One client, a retired single woman with no children, was so consumed by her lack of a go-to person that she kept doing nothing. That’s when I try to remind people, gently, that asking this of a person isn’t as burdensome as they might think. We make sure to include provisions that allow executors to hire accountants and lawyers with funds from the estate to do the complicated work.
Legally, everything does have to be just so. For example, the mother of one client spent time and money to set up a trust so her children could avoid probate, where the courts make decisions. But before she died, she sold her house and bought a condo. And it never occurred to her to make sure the condo was transferred into the trust. When she died, the surviving family members had to probate her estate anyway.
Planning for end-of-life care is different when you’re making decisions for a two-year-old, as opposed to when you’ve lived a full life. My husband’s dad has been in a dementia ward for a couple of years, and his health is failing. At first we thought, “Well, of course, do everything you can to resuscitate him,” but what about his quality of life after that? He’s been unable to communicate for years now.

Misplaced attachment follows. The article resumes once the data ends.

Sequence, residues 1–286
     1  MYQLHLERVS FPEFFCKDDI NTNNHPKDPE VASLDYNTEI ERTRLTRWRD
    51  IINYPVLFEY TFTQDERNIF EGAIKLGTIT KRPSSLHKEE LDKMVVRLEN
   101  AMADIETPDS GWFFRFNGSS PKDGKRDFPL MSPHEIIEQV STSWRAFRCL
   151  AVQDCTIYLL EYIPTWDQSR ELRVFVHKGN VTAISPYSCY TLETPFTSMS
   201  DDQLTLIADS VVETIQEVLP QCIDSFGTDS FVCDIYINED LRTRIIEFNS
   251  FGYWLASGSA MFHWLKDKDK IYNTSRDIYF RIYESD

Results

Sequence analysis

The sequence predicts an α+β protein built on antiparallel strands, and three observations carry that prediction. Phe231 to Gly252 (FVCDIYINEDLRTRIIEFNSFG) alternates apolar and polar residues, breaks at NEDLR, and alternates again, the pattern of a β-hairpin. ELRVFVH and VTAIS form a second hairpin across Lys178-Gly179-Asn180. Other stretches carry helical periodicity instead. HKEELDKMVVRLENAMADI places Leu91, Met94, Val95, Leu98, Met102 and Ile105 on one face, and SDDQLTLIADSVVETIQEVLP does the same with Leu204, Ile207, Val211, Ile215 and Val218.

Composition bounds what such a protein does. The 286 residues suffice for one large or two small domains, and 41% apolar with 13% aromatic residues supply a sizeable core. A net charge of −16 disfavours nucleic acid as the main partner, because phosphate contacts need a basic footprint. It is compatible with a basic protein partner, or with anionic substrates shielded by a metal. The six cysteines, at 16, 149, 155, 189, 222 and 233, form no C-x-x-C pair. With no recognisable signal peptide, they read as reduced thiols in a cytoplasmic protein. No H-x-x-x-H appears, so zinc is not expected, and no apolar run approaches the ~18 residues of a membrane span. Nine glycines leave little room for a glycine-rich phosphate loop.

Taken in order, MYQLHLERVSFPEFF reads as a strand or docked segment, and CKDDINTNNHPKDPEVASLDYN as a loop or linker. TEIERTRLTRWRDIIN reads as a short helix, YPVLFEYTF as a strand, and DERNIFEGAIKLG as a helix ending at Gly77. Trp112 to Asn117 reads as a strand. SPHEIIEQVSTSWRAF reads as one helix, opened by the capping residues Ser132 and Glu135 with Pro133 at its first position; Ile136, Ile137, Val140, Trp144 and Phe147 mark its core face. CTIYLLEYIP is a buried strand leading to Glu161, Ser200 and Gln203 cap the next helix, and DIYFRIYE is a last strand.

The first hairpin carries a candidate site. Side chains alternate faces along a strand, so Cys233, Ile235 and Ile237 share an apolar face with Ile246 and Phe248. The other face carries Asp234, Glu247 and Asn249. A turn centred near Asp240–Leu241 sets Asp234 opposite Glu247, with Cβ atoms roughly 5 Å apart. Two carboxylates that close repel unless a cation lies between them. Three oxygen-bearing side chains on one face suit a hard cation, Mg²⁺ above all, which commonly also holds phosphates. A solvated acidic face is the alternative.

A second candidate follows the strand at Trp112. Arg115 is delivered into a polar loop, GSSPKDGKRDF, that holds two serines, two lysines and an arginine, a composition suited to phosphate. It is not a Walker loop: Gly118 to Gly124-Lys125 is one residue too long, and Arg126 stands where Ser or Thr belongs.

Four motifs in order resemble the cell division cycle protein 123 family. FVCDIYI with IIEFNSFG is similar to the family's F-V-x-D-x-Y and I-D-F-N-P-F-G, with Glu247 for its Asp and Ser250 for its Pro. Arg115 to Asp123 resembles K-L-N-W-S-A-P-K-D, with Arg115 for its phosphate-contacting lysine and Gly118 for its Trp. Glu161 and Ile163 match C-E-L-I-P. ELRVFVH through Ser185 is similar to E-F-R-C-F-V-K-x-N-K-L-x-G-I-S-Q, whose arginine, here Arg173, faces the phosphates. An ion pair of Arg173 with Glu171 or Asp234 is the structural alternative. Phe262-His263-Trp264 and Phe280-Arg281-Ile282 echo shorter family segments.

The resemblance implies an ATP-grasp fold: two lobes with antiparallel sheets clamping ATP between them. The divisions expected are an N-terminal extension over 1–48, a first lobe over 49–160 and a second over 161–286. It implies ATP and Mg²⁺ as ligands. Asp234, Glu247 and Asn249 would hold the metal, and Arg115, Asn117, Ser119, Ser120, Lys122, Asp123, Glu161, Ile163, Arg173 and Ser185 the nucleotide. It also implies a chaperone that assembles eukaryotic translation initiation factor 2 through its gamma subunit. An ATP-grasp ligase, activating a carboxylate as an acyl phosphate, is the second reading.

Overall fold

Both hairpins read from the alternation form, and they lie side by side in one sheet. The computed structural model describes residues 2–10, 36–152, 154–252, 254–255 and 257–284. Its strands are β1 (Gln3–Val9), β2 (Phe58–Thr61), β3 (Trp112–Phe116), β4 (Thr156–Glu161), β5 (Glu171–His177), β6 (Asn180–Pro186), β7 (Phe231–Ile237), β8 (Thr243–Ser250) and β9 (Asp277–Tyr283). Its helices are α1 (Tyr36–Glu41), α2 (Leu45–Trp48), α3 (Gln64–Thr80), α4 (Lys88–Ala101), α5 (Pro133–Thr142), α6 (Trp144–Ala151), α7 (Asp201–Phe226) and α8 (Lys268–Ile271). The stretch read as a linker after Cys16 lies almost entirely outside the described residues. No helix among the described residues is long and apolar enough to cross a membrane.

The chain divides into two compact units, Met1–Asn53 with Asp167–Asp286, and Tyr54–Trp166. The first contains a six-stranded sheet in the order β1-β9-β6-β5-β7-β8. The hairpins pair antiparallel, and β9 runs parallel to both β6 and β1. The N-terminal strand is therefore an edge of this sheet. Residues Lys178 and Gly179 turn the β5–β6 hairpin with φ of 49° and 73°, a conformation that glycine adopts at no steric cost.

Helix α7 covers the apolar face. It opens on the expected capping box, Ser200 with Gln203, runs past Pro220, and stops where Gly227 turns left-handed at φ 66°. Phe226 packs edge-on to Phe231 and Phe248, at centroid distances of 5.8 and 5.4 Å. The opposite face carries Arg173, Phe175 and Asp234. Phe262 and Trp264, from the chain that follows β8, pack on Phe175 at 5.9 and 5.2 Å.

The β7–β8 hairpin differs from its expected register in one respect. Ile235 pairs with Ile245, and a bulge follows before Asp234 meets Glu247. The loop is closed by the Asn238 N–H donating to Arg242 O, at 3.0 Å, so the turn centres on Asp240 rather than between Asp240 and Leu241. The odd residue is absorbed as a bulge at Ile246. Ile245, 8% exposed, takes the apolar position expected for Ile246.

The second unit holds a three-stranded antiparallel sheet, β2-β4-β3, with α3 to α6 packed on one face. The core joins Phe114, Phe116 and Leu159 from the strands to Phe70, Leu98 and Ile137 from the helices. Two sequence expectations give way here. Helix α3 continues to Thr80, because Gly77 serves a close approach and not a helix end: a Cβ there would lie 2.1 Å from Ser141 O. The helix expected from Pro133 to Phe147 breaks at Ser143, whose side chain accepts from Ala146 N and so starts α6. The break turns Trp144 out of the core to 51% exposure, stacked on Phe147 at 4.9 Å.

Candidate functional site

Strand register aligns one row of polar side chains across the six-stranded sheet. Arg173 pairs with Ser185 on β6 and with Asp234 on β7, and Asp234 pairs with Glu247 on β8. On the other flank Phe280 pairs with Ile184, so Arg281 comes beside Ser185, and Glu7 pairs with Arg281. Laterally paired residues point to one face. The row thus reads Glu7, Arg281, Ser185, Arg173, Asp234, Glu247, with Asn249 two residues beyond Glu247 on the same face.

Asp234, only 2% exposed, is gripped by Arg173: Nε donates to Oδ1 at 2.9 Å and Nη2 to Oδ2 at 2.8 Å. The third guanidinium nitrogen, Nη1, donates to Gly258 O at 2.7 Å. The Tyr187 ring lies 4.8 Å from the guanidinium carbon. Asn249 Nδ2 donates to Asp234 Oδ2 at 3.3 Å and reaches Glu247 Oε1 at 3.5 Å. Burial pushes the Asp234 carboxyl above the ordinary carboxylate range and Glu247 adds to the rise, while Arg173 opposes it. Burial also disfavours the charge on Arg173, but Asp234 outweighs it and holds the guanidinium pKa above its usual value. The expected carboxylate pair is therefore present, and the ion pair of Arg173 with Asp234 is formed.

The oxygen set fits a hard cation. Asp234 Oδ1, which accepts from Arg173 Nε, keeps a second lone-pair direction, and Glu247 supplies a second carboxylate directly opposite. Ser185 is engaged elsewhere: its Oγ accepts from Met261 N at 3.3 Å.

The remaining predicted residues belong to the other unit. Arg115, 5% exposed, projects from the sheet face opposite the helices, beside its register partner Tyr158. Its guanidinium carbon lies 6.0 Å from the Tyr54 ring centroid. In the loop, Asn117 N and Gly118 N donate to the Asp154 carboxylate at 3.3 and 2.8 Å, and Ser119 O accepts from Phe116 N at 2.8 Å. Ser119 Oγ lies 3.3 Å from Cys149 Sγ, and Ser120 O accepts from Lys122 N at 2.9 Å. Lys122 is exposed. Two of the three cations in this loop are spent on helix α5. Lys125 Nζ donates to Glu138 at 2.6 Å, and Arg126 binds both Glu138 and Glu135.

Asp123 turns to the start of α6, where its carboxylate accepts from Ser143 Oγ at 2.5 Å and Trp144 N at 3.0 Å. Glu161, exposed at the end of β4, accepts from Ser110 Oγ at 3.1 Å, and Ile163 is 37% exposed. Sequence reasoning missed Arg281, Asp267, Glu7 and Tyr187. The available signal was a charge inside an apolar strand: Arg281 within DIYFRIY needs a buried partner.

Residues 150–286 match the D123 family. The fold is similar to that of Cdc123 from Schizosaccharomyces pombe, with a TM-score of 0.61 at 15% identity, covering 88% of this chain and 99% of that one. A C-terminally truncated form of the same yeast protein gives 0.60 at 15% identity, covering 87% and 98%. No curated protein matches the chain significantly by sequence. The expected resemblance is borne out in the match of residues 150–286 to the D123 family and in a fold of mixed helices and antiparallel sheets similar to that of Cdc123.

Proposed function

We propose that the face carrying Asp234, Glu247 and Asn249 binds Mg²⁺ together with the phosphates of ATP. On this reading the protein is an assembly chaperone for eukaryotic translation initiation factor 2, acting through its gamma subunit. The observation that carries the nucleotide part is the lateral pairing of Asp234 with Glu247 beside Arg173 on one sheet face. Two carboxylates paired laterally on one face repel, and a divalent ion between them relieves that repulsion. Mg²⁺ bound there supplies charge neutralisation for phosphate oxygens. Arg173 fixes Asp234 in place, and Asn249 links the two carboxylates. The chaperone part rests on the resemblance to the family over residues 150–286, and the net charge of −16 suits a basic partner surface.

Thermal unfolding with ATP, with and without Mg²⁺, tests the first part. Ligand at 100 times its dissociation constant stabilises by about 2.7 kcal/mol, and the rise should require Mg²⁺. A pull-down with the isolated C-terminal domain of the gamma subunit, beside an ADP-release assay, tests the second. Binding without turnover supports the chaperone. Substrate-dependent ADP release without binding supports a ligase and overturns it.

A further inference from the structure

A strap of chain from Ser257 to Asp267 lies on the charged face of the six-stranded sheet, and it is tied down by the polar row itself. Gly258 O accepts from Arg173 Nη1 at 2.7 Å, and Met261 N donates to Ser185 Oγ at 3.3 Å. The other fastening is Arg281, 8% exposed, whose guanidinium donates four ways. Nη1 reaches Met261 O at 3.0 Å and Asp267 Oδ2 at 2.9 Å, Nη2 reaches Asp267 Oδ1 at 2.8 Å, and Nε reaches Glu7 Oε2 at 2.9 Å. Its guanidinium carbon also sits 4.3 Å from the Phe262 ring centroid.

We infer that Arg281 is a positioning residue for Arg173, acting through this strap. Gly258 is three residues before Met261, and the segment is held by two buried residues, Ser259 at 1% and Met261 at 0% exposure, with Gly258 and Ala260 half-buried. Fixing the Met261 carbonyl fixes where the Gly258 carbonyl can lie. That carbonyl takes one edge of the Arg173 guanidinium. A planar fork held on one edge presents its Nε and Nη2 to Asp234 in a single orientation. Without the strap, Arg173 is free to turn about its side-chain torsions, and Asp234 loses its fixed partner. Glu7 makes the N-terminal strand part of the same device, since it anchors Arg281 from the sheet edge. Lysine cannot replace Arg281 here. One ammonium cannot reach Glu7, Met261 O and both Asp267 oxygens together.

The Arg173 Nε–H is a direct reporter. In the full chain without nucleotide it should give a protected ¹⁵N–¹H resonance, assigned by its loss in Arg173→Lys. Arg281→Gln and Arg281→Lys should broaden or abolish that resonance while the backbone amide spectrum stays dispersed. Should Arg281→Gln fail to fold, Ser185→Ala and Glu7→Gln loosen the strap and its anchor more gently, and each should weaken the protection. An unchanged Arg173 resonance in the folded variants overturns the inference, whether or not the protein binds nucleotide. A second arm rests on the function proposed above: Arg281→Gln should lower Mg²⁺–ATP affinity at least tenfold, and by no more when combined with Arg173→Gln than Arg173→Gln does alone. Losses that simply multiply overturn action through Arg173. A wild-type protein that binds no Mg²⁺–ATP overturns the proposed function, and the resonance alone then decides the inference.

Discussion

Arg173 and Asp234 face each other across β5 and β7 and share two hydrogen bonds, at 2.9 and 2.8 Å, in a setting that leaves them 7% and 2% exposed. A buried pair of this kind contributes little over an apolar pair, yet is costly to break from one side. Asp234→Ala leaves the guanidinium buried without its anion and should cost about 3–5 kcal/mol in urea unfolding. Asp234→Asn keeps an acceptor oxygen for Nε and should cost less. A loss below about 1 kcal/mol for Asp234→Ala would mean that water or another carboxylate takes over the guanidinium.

“We have an only child. At some point, this is all going to fall to him to manage.”
We are just starting to think about end of life for our parents — but not really for ourselves. We have an only child, though. At some point, this is all going to fall to him to manage. So it gets to those really nitty-gritty questions.
As people age, estate planning becomes more about healthcare — about who I want making these decisions for me and talking to doctors about these really hard things. It’s about questions like, “If I don’t have pain but I can’t interact, what should a doctor do?” or, “If I have no chance of recovery, then am I going to say, ‘Pull the plug’?” That kind of thing.
It might be about the financial impact of staying on life support. For me, I don’t want someone to keep me alive to the point that it makes it harder for my son to pay for college. Maybe machines can keep you alive, but at what cost?